The Washington Post

Do federal social programs work?

Since I’ve been writing about the effectiveness of faith-based prisons — and what it takes to have a good evaluation methodology — I thought I’d point out an interesting paper, Do Federal Social Programs Work?, by David Muhlhausen. Here’s the abstract:

Federal social programs consistently fail to achieve their objectives, yet federal spending on social programs has grown faster than the U.S. economy and population over the past 50 years. Scientifically rigorous multisite experimental evaluations have found a consistent pattern of failure in federal social programs, including early childhood education programs such as Head Start. In the current budgetary environment of high deficits and ballooning federal debt, Congress has a moral obligation to cut funding for and even eliminate these ineffective social programs.

This paper is a short backgrounder from the Heritage Foundation, summarizing Muhlhausen’s book of the same name. Muhlhausen himself is a research fellow in empirical policy analysis at Heritage’s Center for Data Analysis. I haven’t examined the paper or the book closely, so I can’t endorse the specific conclusions. But I know the Center for Data Analysis takes its empirics seriously, and this paper (and book) looked interesting enough that I thought I’d flag it for this audience.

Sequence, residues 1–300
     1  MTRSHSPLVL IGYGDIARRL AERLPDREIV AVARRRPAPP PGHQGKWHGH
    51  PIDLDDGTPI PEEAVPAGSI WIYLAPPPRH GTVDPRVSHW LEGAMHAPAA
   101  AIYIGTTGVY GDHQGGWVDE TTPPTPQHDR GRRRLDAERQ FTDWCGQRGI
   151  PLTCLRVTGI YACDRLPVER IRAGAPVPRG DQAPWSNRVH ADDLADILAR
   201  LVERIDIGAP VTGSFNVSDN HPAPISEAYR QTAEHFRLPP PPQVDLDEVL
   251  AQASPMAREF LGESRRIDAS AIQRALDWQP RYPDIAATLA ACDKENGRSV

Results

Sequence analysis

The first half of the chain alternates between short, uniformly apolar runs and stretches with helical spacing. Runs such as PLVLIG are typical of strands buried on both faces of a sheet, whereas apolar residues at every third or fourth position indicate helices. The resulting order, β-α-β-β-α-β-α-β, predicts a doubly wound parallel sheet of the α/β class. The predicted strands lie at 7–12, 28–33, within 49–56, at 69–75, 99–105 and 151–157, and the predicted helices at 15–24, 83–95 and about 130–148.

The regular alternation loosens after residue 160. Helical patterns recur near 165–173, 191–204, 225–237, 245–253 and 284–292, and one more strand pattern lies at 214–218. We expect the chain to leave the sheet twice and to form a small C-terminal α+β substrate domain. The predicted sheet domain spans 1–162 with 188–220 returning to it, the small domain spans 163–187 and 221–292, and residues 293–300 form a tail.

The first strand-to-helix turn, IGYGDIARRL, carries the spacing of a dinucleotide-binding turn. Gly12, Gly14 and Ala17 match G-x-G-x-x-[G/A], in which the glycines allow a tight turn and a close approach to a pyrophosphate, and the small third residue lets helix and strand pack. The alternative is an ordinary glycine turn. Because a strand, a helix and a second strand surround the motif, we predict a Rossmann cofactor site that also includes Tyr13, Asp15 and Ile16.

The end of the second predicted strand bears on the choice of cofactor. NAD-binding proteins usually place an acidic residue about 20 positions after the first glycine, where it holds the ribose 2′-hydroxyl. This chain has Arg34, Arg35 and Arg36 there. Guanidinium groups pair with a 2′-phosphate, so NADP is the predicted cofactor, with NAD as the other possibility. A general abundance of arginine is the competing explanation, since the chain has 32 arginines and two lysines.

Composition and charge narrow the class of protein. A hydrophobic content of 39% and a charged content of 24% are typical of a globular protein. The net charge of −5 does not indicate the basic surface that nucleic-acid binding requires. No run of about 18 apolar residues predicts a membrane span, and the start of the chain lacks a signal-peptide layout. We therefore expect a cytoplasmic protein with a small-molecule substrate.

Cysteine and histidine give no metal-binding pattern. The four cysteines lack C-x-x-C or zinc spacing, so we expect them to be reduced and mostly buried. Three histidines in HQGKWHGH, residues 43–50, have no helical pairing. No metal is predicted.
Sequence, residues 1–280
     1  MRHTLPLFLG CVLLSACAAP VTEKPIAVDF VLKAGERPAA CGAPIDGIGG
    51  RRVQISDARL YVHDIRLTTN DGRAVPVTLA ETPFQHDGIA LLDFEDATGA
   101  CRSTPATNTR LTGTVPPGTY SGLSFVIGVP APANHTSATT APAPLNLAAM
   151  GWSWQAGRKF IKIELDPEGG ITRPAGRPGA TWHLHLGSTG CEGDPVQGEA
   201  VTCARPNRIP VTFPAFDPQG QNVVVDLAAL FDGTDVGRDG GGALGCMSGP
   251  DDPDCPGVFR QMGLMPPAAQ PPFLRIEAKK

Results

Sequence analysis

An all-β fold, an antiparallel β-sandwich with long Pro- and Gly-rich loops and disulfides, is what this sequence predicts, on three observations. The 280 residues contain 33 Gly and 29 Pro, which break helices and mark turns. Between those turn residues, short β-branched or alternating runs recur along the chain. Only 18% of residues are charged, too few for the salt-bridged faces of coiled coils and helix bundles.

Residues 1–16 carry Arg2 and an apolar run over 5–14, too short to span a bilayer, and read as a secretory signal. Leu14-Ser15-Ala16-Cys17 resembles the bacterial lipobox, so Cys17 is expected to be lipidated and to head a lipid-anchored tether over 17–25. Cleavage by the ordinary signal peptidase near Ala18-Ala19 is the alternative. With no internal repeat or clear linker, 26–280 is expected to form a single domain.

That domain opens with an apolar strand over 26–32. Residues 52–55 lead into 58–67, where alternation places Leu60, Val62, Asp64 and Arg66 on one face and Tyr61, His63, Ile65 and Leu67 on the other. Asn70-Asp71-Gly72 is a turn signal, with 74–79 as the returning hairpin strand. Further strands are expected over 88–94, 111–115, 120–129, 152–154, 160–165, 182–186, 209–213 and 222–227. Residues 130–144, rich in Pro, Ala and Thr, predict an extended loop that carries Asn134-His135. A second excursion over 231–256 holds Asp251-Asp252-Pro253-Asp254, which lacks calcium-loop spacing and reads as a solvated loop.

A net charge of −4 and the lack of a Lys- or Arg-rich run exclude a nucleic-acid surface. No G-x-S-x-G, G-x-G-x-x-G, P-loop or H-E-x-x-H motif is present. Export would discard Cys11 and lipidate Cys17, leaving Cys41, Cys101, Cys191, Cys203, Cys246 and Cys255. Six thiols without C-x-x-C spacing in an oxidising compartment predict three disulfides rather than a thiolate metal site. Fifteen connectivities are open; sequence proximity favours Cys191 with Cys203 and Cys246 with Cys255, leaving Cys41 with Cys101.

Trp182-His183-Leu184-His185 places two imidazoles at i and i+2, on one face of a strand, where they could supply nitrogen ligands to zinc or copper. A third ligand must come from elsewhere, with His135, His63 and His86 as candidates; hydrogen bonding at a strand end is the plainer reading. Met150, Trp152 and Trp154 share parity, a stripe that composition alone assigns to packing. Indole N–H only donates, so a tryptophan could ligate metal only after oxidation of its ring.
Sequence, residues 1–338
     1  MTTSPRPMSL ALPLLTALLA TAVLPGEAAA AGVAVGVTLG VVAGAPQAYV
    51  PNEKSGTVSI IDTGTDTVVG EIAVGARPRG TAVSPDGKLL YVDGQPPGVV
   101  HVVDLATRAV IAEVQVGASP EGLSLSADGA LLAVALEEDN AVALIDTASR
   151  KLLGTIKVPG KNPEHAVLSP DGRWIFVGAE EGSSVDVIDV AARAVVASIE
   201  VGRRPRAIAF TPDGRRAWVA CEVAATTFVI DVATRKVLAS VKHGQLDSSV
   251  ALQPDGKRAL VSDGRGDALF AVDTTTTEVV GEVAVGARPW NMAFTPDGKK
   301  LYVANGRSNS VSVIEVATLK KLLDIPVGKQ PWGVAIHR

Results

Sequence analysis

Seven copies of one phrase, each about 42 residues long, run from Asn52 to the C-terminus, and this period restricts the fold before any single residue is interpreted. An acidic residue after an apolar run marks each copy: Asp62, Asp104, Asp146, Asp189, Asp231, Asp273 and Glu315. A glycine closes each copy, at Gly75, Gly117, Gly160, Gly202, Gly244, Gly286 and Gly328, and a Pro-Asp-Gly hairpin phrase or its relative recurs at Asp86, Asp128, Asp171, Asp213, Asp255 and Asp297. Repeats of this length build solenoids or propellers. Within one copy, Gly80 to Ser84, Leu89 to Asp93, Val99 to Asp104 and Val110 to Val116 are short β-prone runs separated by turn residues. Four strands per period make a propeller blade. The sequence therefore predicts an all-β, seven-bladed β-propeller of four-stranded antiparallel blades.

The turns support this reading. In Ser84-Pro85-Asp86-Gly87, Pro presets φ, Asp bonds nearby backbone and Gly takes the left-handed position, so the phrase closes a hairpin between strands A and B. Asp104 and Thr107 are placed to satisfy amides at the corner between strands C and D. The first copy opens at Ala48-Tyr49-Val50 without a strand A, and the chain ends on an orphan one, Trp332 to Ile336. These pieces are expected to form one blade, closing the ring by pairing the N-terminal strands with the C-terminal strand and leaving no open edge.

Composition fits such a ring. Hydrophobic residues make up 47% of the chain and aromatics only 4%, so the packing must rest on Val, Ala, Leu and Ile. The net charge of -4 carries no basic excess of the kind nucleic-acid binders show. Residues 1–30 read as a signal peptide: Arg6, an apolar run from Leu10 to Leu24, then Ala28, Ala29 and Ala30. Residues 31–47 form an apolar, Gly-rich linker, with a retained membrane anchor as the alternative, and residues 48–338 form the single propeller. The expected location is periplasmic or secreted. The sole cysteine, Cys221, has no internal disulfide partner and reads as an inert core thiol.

Sasha Volokh lives in Atlanta with his wife and three kids, and is an associate professor at Emory Law School. He has written numerous articles and commentaries on law and economics, privatization, antitrust, prisons, constitutional law, regulation, torts, and legal history.

The Freddie Gray case

Please provide a valid email address.

You’re all set!

Campaign 2016 Email Updates

Please provide a valid email address.

You’re all set!

Get Zika news by email

Please provide a valid email address.

You’re all set!
Show Comments

Sign up for email updates from the "Confronting the Caliphate" series.

You have signed up for the "Confronting the Caliphate" series.

Thank you for signing up
You'll receive e-mail when new stories are published in this series.
Most Read



Success! Check your inbox for details.

See all newsletters

Close video player
Now Playing

To keep reading, please enter your email address.

You’ll also receive from The Washington Post:
  • A free 6-week digital subscription
  • Our daily newsletter in your inbox

Please enter a valid email address

I have read and agree to the Terms of Service and Privacy Policy.

Please indicate agreement.

Thank you.

Check your inbox. We’ve sent an email explaining how to set up an account and activate your free digital subscription.